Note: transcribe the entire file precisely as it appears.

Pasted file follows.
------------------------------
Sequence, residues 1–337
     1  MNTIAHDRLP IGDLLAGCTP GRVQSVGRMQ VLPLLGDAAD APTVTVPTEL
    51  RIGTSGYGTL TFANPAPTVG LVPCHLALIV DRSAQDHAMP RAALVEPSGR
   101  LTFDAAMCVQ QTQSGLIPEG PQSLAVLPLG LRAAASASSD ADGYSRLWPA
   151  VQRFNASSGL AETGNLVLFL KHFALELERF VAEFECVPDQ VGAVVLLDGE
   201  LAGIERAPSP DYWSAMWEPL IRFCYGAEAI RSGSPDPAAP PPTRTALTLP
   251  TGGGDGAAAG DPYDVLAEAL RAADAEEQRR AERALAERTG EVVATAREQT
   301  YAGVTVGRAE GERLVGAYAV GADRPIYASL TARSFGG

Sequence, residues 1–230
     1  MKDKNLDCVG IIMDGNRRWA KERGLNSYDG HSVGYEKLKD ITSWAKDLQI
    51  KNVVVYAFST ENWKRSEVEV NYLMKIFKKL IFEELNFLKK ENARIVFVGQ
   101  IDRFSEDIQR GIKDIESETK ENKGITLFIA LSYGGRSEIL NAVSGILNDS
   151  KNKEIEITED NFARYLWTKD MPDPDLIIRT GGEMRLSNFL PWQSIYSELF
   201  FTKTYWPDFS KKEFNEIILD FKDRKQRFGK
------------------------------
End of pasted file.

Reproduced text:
Sequence, residues 1–337
     1  MNTIAHDRLP IGDLLAGCTP GRVQSVGRMQ VLPLLGDAAD APTVTVPTEL
    51  RIGTSGYGTL TFANPAPTVG LVPCHLALIV DRSAQDHAMP RAALVEPSGR
   101  LTFDAAMCVQ QTQSGLIPEG PQSLAVLPLG LRAAASASSD ADGYSRLWPA
   151  VQRFNASSGL AETGNLVLFL KHFALELERF VAEFECVPDQ VGAVVLLDGE
   201  LAGIERAPSP DYWSAMWEPL IRFCYGAEAI RSGSPDPAAP PPTRTALTLP
   251  TGGGDGAAAG DPYDVLAEAL RAADAEEQRR AERALAERTG EVVATAREQT
   301  YAGVTVGRAE GERLVGAYAV GADRPIYASL TARSFGG

Sequence, residues 1–230
     1  MKDKNLDCVG IIMDGNRRWA KERGLNSYDG HSVGYEKLKD ITSWAKDLQI
    51  KNVVVYAFST ENWKRSEVEV NYLMKIFKKL IFEELNFLKK ENARIVFVGQ
   101  IDRFSEDIQR GIKDIESETK ENKGITLFIA LSYGGRSEIL NAVSGILNDS
   151  KNKEIEITED NFARYLWTKD MPDPDLIIRT GGEMRLSNFL PWQSIYSELF
   201  FTKTYWPDFS KKEFNEIILD FKDRKQRFGK